Take a bow-and-arrow
- Supreme Court to hear plea today for relook at verdict on gay sex
- J&K Governor calls for talks today, PDP signals phone call from Delhi may bring back BJP alliance
- RBI keeps repo rate unchanged at 6.7%; CRR at 4%
- Raigad: 13 Pune college students drown during picnic at Murud beach
- Zika virus outbreak: WHO declares global emergency
Since December 2011, individual membership in USA Archery has jumped 25 percent, while the number of clubs has nearly doubled, to 540 from 279. Stacy Smith, 16, of Smiths Station, Alabama, has been around hunting her whole life. She thought shooting a bow "was something my dad did," she said, until she saw Katniss. "I thought it was cool that she could protect herself," Smith said. She and three friends finally gave the sport a try. Now she shoots regularly.
For Lauren Tang, 14, of Delta, British Columbia, the sport became a must-try after Katniss shot the apple on-screen. "If anything ever happens, I could survive in the wilderness," said Lauren.
Teenage girls are not the only devotees. Boys appear to idolise the arrow-slinging hero Hawkeye from this year's film The Avengers—much to the chagrin of archery teachers.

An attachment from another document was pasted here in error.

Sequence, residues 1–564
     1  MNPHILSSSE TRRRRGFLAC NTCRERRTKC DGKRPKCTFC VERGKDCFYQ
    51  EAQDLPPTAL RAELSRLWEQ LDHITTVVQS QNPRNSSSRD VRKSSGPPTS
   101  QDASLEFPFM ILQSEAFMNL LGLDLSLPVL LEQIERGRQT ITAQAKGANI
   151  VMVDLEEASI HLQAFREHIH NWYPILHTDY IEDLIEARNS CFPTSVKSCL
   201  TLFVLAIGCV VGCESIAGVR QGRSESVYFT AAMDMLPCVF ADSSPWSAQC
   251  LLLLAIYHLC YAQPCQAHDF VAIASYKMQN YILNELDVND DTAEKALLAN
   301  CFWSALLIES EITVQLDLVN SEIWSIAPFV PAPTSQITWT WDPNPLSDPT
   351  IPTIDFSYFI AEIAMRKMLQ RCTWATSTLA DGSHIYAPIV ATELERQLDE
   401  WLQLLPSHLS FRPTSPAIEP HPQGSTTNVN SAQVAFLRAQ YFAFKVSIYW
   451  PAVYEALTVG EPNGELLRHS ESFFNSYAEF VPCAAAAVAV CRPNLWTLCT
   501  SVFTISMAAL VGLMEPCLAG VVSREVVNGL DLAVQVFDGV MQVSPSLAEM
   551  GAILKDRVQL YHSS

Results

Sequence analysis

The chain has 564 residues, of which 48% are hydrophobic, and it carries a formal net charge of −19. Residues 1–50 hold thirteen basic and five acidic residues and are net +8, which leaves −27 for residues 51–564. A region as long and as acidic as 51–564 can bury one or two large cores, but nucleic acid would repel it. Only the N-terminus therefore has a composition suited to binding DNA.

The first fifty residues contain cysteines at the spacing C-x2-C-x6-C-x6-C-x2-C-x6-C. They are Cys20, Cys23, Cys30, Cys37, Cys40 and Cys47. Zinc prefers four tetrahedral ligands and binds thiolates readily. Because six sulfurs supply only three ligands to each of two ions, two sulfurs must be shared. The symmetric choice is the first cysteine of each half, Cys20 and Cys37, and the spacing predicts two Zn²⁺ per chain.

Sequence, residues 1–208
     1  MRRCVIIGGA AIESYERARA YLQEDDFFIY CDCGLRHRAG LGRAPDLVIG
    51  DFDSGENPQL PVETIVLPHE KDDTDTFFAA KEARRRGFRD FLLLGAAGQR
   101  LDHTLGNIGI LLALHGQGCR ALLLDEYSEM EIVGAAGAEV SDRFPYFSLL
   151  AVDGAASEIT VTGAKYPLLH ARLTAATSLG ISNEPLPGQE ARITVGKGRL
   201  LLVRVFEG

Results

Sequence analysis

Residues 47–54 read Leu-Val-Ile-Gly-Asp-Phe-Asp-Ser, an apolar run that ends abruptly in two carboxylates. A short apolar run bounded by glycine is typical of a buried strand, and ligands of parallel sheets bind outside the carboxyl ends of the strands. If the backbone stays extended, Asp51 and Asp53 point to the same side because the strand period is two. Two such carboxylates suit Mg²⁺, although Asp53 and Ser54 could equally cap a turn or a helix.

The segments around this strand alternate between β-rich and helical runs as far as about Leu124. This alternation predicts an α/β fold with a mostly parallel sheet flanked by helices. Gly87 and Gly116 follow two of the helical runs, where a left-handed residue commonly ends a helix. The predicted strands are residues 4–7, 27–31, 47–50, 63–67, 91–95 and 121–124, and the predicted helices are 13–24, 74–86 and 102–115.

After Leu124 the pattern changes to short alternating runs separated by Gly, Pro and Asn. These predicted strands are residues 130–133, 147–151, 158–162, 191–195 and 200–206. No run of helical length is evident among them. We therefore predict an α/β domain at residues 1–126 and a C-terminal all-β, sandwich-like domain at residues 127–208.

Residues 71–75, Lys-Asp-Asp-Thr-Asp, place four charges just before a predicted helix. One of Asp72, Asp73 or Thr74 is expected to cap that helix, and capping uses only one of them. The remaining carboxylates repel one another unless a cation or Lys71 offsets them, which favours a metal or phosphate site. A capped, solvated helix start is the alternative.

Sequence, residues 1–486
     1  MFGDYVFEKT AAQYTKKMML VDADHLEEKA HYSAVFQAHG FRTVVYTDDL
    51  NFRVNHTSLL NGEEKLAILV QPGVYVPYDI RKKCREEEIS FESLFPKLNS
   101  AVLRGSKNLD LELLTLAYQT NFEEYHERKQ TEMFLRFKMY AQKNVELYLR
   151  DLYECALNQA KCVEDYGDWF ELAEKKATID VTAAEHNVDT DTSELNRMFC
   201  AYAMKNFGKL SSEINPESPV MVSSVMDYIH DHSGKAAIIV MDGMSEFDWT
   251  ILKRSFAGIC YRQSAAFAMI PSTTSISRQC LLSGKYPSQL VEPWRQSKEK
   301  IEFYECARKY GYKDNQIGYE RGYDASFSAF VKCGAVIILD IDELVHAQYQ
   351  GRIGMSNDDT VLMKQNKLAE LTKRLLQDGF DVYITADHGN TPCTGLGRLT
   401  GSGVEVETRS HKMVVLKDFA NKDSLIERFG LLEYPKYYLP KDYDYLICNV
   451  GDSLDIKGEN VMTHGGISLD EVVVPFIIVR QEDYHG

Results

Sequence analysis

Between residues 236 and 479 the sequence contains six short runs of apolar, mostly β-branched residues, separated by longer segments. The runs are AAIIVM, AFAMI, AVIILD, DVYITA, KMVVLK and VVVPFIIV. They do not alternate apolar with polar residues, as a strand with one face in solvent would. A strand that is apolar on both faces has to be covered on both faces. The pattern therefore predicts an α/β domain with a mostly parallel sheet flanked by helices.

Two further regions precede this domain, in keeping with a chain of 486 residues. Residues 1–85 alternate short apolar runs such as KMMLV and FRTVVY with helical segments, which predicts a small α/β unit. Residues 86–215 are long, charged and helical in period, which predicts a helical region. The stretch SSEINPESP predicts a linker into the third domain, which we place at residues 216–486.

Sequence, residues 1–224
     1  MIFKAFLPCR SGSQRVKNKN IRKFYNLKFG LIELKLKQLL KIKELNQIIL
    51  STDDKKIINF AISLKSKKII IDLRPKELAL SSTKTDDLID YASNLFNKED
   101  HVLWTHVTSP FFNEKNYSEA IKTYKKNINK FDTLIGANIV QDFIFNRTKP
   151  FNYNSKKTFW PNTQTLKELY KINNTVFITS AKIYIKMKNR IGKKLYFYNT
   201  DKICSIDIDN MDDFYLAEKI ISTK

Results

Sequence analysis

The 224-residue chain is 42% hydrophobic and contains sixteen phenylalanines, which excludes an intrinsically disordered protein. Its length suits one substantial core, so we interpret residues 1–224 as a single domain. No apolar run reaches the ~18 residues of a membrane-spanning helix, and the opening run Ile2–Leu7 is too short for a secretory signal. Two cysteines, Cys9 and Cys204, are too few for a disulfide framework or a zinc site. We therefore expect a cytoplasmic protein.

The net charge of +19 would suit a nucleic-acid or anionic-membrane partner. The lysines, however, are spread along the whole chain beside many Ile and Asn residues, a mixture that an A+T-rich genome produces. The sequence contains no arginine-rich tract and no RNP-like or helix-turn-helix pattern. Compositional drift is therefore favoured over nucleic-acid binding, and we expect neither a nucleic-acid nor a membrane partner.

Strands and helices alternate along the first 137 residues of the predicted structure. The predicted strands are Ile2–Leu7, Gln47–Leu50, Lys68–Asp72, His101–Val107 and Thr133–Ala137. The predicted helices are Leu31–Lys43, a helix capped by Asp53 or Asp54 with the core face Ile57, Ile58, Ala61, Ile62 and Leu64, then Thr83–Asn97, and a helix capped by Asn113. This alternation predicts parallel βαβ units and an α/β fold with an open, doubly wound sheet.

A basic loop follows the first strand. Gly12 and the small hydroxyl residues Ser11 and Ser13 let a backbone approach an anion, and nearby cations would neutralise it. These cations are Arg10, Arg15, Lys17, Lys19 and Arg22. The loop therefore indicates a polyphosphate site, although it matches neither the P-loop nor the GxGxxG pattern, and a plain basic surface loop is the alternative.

The child-archer craze is also spurring adults to try the sport. Karen Seaman, chief marketing officer for the Sportsman's Warehouse chain, said she bought her first bow this year, for her 8-year-old son. "We've seen a lot of women doing that," she said. "It's a family activity, away from the iPad for a few hours."
The second installment of the Hunger Games film franchise, Catching Fire, is scheduled for next winter. In April, USA Archery wrote to thank the author Suzanne Collins for taking archery "from 'men in tights' to the blazing hot spotlight." To which Alli Petheriotis, 14, who has never even heard of Robin Hood, would add: "She made it look cool. And it is cool."
- The economy is best served by lowering interest rates and blocking protectionism
- As it completes 10 years, there is enough evidence to show that India needs the MGNREGA
- For Randhir Singh, teaching was next to revolution-making.
- Intizar Husain seemed as much a stranger in a strange land in Pakistan as he did in India
- Ten years on, MGNREGA requires constant review. And consistency in political support
- The global economy is in trouble but India is attracting positive comment